Beavers Castor canadensis, with their prominent orange incisor teeth and paddle-like tails, are the largest rodents in North America and have an intense if localized effect on forests by damming forest waterways and flooding low-lying areas, and by gnawing down trees. They construct stick-and-mud lodges with underwater entrances and inside platforms raised above water, emerging at dusk to forage for succulent plants or cut down trees and shrubs. Cuttings stored in late summer and autumn in the mud at the bottom of the ponds are eaten in winter and the young are born in spring. The European beaver C. fiber does not create large ponds, instead it burrows along the water's edge and makes small dams to slow streams that are too narrow or fast-flowing for its purposes. They also tend to be less aggressive in tree felling and less invasive of surounding waterways. These animals, which were in England hunted to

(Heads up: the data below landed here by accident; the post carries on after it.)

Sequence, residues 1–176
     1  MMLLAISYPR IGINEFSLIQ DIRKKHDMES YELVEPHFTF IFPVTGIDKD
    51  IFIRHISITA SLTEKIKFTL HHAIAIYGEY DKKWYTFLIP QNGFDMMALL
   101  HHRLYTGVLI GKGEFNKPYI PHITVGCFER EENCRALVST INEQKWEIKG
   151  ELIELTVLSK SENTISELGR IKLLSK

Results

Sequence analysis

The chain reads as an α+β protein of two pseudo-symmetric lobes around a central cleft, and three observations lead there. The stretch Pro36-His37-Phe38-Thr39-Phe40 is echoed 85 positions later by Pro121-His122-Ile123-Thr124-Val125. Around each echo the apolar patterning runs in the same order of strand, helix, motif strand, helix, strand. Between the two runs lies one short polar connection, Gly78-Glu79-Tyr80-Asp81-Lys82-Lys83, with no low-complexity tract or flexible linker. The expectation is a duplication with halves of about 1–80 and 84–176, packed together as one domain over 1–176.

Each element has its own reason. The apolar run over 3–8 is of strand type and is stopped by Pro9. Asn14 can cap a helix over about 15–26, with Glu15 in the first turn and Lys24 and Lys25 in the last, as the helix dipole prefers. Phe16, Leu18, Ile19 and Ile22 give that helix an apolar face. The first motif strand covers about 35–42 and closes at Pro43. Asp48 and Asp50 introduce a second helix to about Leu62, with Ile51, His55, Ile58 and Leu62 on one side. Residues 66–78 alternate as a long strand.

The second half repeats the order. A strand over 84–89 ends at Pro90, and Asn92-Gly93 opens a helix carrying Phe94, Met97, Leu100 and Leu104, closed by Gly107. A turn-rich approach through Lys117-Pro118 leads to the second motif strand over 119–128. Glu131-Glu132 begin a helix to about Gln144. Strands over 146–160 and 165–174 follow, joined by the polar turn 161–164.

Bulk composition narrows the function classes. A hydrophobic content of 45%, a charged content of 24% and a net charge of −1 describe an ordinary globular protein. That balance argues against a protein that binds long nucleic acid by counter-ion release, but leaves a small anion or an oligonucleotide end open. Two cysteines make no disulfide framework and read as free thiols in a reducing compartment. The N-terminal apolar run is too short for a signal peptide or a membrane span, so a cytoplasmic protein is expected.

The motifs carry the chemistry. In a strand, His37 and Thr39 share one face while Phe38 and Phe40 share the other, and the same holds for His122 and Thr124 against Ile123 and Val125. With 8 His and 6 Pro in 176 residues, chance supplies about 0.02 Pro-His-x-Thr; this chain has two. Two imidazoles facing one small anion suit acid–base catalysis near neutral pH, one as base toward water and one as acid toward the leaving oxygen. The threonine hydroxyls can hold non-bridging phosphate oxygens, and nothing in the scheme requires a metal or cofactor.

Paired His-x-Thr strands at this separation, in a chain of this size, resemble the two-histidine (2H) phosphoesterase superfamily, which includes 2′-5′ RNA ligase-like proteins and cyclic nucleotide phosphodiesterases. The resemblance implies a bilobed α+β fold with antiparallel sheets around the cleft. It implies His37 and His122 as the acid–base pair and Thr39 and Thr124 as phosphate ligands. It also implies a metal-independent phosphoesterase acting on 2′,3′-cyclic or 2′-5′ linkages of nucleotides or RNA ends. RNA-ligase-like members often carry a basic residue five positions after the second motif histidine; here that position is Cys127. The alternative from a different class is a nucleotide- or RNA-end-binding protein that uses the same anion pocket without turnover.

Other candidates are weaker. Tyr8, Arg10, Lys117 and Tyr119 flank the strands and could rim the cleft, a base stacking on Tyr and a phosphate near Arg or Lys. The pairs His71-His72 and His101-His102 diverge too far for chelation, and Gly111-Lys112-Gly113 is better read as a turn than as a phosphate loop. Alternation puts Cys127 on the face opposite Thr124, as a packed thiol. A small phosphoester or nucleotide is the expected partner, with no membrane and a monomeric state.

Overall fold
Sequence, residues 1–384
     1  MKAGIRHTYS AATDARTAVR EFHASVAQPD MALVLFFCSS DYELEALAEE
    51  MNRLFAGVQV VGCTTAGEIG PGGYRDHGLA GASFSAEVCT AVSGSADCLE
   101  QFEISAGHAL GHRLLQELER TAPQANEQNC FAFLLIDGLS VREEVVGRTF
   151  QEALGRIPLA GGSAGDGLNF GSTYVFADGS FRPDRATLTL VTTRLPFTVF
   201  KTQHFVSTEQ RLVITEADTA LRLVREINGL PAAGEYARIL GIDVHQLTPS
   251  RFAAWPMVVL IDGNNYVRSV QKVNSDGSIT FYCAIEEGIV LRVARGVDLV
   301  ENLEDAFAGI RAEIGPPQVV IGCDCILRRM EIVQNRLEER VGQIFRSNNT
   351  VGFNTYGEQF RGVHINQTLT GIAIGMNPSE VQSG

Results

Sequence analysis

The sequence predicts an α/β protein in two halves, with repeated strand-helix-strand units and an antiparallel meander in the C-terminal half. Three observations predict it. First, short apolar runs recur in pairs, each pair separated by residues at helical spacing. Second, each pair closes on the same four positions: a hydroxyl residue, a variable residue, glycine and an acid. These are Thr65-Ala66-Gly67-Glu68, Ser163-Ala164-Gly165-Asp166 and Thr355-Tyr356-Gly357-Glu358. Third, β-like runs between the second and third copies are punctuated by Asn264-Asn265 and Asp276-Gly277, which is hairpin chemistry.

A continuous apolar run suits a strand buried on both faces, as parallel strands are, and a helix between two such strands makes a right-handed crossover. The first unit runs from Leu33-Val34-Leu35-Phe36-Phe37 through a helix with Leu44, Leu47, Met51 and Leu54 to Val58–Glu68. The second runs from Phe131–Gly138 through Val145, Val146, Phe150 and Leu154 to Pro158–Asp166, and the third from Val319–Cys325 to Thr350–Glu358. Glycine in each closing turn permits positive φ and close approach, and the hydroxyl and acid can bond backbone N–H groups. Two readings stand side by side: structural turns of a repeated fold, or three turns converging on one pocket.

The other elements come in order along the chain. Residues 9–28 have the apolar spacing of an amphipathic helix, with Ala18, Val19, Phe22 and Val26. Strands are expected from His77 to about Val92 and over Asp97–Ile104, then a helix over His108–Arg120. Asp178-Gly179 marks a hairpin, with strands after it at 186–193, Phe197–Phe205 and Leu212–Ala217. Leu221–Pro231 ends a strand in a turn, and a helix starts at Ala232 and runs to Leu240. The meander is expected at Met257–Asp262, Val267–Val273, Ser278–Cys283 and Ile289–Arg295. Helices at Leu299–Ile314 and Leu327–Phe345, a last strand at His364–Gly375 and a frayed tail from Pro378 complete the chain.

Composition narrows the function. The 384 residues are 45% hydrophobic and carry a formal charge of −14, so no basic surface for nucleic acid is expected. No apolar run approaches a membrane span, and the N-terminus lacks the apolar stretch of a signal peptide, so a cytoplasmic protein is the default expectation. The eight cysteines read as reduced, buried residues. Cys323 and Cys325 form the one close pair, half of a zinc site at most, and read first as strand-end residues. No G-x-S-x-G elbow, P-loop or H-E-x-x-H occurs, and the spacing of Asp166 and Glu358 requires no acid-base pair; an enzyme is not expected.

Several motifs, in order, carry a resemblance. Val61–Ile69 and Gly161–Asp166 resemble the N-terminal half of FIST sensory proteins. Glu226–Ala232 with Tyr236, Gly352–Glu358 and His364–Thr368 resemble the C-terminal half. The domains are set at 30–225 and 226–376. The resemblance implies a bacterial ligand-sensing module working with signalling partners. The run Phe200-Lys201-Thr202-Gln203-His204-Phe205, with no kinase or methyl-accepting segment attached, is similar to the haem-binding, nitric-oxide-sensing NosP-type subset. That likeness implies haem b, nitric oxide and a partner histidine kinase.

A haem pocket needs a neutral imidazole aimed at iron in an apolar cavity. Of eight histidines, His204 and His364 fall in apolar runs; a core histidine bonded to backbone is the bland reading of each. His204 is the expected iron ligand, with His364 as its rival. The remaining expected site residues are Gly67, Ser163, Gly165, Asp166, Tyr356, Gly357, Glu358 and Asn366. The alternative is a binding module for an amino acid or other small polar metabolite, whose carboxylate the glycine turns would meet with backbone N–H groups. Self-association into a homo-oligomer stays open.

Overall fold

Figure 5.14 Cassowary (Casuarius). These birds all have a prominent horny helmet or casque on their heads; this is thought to protect the bird as it moves through the tangled undergrowth. Their feathers are highly modified and look like fur, those of the wings being reduced to quills hanging over the flanks. The birds defend their feeding territories and the males are particularly aggressive when tending their young; if aroused they strike out with both feet, which are each armed with three large spiked toes, and they sometimes disembowel human intruders. (Drawn by Peter R. Hobson.)